Rising Sea Levels Spike Concern


The rising of sea levels has been an issue anticipated by scientists for many years. Often coupled with extreme weather such as extreme drought, floods, and hurricanes, sea level rise has proved to be a significant concern, especially regarding the welfare of several cities. It is believed that the gradual increase in the sea level has the capacity to submerge entire communities.

Rising sea levels are primarily caused by global warming. The heat trapped by greenhouse gases raises global temperatures, which contributes to higher sea levels in two ways: expanding volume and adding water. The higher temperatures cause the volume of the ocean to grow, since water generally expands when exposed to increased heat. Another  more prominent cause is the melting of polar ice caps. These glaciers add enormous amounts of water to oceans, which contribute to the gradual rising of water levels.

A new study by Climate Central, a nonprofit research group, found that almost 50 cities face the risk of being eliminated by increasing sea levels. The research claims that there will be a great contrast between the world today and a world that is 3 degrees Celsius hotter. To be safe, temperatures should remain below the threshold of 1.5 degrees Celsius above industrial levels. 

However, if the predicted rise of 3 degrees occurs, it would severely impact several cities, making it imperative that they take productive measures. “Today’s choices will set our path,” says Benjamin Strauss, the chief scientist at Climate Central.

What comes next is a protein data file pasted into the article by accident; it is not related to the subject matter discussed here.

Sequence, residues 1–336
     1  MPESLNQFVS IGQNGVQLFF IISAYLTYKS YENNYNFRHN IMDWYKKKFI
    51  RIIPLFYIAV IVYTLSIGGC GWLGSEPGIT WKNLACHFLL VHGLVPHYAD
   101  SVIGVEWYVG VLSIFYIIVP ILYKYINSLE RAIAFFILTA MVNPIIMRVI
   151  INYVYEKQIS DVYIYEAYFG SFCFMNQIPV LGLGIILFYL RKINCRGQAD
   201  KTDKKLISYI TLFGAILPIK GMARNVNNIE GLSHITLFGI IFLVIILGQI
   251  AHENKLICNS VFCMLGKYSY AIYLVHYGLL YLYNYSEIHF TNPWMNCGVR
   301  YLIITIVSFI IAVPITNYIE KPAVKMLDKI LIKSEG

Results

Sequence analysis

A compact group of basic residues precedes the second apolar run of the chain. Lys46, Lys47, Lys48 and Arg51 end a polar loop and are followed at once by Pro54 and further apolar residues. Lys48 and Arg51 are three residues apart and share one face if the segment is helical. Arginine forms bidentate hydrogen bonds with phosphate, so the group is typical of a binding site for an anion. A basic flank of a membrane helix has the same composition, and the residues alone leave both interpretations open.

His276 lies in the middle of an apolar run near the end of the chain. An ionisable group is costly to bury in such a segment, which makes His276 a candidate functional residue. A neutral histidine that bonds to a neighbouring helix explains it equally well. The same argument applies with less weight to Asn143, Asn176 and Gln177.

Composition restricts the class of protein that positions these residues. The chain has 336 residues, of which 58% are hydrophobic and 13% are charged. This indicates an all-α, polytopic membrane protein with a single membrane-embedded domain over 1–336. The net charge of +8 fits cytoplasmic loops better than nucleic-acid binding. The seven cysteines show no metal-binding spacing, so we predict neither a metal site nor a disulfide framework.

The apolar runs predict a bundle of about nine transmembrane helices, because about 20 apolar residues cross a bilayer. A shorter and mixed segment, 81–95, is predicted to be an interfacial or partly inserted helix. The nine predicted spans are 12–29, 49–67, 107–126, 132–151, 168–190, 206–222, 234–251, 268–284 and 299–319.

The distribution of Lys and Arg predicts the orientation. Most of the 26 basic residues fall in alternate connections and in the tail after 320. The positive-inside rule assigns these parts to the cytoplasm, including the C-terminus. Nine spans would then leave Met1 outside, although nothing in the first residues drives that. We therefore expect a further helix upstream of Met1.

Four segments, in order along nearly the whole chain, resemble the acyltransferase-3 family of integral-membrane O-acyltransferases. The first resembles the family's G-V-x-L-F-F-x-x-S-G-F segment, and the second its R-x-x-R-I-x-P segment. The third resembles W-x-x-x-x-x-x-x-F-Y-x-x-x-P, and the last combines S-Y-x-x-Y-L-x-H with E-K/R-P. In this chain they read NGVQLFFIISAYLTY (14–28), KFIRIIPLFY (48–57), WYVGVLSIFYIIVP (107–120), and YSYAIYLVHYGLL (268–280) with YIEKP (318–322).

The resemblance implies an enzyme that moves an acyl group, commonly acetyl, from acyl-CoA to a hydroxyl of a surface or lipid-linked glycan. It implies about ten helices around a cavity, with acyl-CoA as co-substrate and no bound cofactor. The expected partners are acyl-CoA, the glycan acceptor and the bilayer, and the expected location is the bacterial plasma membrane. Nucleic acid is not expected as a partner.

Rising sea levels have caused great concern in places such as Venice, Italy. Known for its canals and water-filled routes, the city has been particularly vulnerable to climate change. It has undergone a streak of damaging floods, something that led to the increase in frequency of high tides. 

The 1600-year-old city is gradually sinking, according to experts. At the end of the century, it is expected that the sea levels in Venice will rise at least 3 feet. 

New Orleans, Louisiana, is another city threatened by the steady sea rise. Still not having fully recovered from Hurricane Katrina, the city features some elevations that lie 15 feet below sea level. A NASA study found that certain areas of New Orleans are stinking at 2 inches per year, leading them on the path to be completely submerged by 2100. Though particular wetlands have shielded New Orleans from bad storms, this buffer has been reduced by human activity. 

While the forecasts appear bleak, there are alternatives that can be taken to protect communities from rising sea levels. Cities can build infrastructure that can withstand higher sea levels and build sea walls. Sea walls are built on coasts to reduce flooding from tides, and are made quite tall— about 5 to 6 feet. State and federal governments can also provide an important role in ensuring that rising sea levels will not harm most cities.